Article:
The document customizer 200 is used to record discovery information in a sub-component of database 205 referred to as a system-of-record document (SOR) 330. SOR 330 includes a template 410 (described later with reference to
Document customizer database 205 includes a plurality of system of record documents 330 each including a template column 410 and a content column 415 (see
Centralized knowledge base 270 external to document customizer 200 and residing in, for example, databases 125 of server 124 (see
Document customizer 200 also provides a convenient alternative to soliciting for discovery information. As mentioned above, document customizer 200 can import discovery information from external sources 260 using external I/F 230 and collection agent 240. Such information includes the text based files 262, image data such as that provided by computer aided design packages, the still and motion video data 264, and the audio data 266. Textually based files include formats such as HTML, Wordperfect, MS Word, and Excel. Video data includes data compatible with known formats, such as MPEG, Apple QuickTime, etc.
The document generator 250 includes a content selection controller 350 for extracting desired SOR templates and content from SOR 330 in response to commands entered by user 255 through GUI 210. Content selection controller 350 places such extracted items into a workspace area 355 in document customizer memory, such as memory 106. An output organizer 360 supervises the display of the desired items in workspace 355 in accordance with user specified output formats. Also, user 255 can edit and arrange the data in workspace 355 via GUI 210 and output organizer 360, to thereby construct a final, customized document suitable for output. In other words, document organizer 250 permits user 255 to visualize and rearrange selected discovery data from the SOR 330, in order to generate a customized output document incorporating the selected discovery information.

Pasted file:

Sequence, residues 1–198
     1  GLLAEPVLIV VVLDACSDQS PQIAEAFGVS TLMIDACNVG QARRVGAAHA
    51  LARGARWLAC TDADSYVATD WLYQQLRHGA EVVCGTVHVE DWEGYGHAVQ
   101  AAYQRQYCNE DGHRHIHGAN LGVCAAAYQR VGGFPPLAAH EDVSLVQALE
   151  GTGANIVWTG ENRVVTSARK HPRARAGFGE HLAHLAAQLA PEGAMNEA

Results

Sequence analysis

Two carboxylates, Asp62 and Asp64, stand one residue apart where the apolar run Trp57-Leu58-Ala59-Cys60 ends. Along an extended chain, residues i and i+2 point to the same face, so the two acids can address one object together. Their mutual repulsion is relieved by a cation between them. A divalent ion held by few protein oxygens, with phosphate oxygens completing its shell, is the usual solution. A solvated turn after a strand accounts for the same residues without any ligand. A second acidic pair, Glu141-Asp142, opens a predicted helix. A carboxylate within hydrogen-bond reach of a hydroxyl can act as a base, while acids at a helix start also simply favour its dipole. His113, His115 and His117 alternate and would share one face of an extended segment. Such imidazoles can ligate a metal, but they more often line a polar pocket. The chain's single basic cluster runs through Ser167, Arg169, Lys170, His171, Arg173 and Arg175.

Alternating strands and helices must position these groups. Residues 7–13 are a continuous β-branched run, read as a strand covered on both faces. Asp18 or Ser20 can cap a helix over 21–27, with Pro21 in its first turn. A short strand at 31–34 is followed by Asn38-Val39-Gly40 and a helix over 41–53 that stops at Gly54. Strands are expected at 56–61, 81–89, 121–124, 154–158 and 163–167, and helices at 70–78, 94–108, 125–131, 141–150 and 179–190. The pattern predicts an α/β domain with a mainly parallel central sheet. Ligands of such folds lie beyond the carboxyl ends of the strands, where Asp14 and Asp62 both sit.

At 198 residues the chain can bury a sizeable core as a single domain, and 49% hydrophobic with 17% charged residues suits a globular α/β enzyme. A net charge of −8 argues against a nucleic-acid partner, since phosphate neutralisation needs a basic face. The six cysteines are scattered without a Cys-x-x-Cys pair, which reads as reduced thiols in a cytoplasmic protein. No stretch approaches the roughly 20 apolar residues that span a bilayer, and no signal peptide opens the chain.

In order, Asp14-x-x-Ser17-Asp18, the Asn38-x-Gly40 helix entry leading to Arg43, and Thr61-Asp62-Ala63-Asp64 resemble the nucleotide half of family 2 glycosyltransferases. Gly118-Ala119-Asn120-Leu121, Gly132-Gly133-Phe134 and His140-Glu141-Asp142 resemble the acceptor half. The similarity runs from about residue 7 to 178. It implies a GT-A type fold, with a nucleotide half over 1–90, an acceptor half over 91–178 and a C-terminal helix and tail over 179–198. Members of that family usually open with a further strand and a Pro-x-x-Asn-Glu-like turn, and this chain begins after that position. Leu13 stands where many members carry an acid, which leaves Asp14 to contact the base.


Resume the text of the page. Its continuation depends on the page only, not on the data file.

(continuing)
The content column 415 of document 400 is the template for obtaining content in column 415. Content column 410 represents the discovery information collected by, for example, a data warehouse professional during an engagement with a customer. The content column can contain default values to be used as a guide during the engagement.
With reference to document 400, column 410 includes the following template entries: Table Name 418A; Table Description 418B; Data Element Names 418C; Data Location 418D; Physical Location 418E; Administrator 418F; Administrator Phone Number 418G; Extraction Utility 418H; Extraction Output Filename 418I; Data Transfer Method 418J; and Data Transfer Frequency 418K.
The content column 415 includes the following entries for a data source for billing records: names 420A of source databases and source files providing a source of data to the data warehouse; descriptions 420B of the source databases and files; logical data models 420C of the source databases and files and of the data residing in the databases and files; locations of the source databases and files including an identifier 420D of the type of device wherein the source database and files reside and geographical locations 420E of the devices; names 420F and contact information 420G relating to administrators of the source databases and files; extraction utility information 420H and extraction output file names 420I; updating frequency of the source databases and files (not shown in
The document 400 also includes the configuration control table 405 indicating the revision history of the document 400 and thus enabling data warehouse professionals to track the evolution of the document 400. For each engagement resulting in an update to any SOR documents 400 in SOR 330, document customizer 200 populates a configuration record (row) 425 for each particular document 400 in configuration control table 405 with configuration control items, including, for example, a revision level 430A, a calendar date 430B, the name of a responsible individual 430C, a project identifier 430D, and the current size 430E of SOR 330. Configuration control table 405 can be expanded to include additional configuration control items as needed.